“In The Disordered Cosmos, Dr. Chanda Prescod-Weinstein shares her love for physics, from the Standard Model of Particle Physics and what lies beyond it, to the physics of melanin in skin, to the latest theories of dark matter—along with a perspective informed by history, politics, and the wisdom of Star Trek.”

“One of the leading physicists of her generation, Dr. Chanda Prescod-Weinstein is also one of fewer than one hundred Black American women to earn a PhD from a department of physics. Her vision of the cosmos is vibrant, buoyantly nontraditional, and grounded in Black and queer feminist lineages.”

“Dr. Prescod-Weinstein urges us to recognize how science, like most fields, is rife with racism, misogyny, and other forms of oppression. She lays out a bold new approach to science and society, beginning with the belief that we all have a fundamental right to know and love the night sky. The Disordered Cosmos dreams into existence a world that allows everyone to experience and understand the wonders of the universe.”

Dr. Prescod-Weinstein included a chapter at the end of the book where she pointed out that while the book is challenging we shouldn’t be so hard on ourselves if we don’t understand everything. Especially since it’s stuff that takes years for people to fully understand. The point is that we get ideas of different elements of physics and then learn more about the challenges anyone who is not white and male have faced when trying to become physicists. I got more out of that part of it than anything else really. The learning of how much needs to change to make learning more welcoming to all. It’s also always fun when a fellow Star Trek fan can use various quotes and ideas from the show to explain things or make a point. I do think some people will struggle to get through the beginning of the book as the language is a bit complex but physics is complex. I think this a book worth reading to learn about various issues.

Books Finished so far in 2023

Below are the books I’ve read so far in 2023, not necessarily in order within the month of completion.

Books Finished in January

Nophek Gloss The Graven , by Essa Hansen
I liked the characters though the plot was a bit confusing and sometimes frustrating, but I still enjoyed it. I will need to check out the next book.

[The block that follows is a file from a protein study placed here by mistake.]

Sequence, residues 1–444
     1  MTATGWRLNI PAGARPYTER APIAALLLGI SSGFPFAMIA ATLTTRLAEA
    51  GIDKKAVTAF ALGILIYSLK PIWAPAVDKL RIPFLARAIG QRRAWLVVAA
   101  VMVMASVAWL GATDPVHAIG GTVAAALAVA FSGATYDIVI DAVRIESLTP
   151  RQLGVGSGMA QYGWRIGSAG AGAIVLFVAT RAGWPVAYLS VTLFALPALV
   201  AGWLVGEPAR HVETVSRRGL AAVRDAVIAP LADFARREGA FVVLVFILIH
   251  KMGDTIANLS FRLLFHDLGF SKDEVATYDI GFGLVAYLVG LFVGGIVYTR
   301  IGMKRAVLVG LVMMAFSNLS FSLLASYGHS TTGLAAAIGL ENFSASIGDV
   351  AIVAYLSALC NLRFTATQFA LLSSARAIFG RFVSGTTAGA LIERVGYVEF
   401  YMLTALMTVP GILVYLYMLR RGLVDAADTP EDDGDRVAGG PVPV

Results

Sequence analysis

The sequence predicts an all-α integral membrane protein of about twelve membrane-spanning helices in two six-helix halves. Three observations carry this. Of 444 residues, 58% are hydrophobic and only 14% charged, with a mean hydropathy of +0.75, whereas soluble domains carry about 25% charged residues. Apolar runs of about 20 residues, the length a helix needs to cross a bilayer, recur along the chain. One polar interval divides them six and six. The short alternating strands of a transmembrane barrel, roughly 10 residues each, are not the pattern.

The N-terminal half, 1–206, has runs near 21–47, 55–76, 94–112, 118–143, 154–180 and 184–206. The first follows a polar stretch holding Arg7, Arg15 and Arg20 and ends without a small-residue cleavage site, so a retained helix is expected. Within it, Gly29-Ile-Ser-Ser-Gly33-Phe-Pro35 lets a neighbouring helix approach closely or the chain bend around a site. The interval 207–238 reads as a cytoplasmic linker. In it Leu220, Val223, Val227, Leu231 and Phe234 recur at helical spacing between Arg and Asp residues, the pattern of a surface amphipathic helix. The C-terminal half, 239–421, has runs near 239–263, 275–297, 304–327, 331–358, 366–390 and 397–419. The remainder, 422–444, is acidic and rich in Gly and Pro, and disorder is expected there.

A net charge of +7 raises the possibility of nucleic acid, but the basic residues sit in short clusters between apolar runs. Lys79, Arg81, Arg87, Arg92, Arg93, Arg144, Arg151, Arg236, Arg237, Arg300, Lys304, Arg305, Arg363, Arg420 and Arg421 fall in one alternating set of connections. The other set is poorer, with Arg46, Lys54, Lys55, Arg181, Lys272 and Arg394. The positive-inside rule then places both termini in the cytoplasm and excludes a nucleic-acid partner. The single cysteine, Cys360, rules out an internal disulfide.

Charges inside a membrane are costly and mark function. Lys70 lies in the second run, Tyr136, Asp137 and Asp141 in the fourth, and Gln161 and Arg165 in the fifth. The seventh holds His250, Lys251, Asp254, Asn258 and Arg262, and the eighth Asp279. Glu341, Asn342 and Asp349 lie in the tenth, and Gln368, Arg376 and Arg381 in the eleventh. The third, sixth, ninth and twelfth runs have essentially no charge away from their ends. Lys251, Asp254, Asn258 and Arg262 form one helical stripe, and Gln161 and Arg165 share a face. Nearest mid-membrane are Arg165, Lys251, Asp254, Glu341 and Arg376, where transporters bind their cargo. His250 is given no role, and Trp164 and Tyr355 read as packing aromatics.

Black Sun – Between Earth and Sky , by Rebecca Roanhorse
This was a really interesting book. I enjoyed the different points of view characters their stories as things progressed. I am looking forward to reading the next book in the series.
Everyone’s a Aliebn When Ur a Aliebn Too by Jonny Sun as Jomny Sun
A surprise graphic novel! It was a fun read.
Africa Risen: A New Era of Speculative Fiction, edited by Sheree Renée Thomas, Zelda Knight, Oghenechovwe Donald Ekpeki
Love After the End: An Anthology of Two-Spiritand Indigiqueer Speculative Fiction, edited by Joshua Whitehead
This applies to the above two because I’m saying the same about both. I really enjoyed the stories in both anthologies. They each have a lot of interesting characters and stories about the characters. As with any anthology I read I look forward to looking up the various authors and seeing what else they have written.

Books Finished in February

Not a Nation of Immigrants: Settler Colonialism, White Supremacy, and a History of Erasure and Exclusion by Roxanne Dunbar-Ortiz
This was an interesting read – some history I already new about and some I did not. There was a lot of stuff I would say is important for us to know.
The Vanished Birdsz by Simon Jimenez
The way this story unfolded took some getting used to but I really ended up enjoying it. There’s a lot going on and a single paragraph can span several years which makes things even more interesting. The characters make it all wroth it.

Books Finished in March so far

Some Kids Left Behind: A Survivor’s Fight for Health Care in the Wake of 9/11 by Lila Nordstrom
I really enjoyed reading this and I feel like I learned a lot about the aftermath of 9/11 from the point of view of people like Lila – people who lived near the towers. There’s a lot I had never heard about or realized. Also a lot comparisons to be made about what is going on now with COVID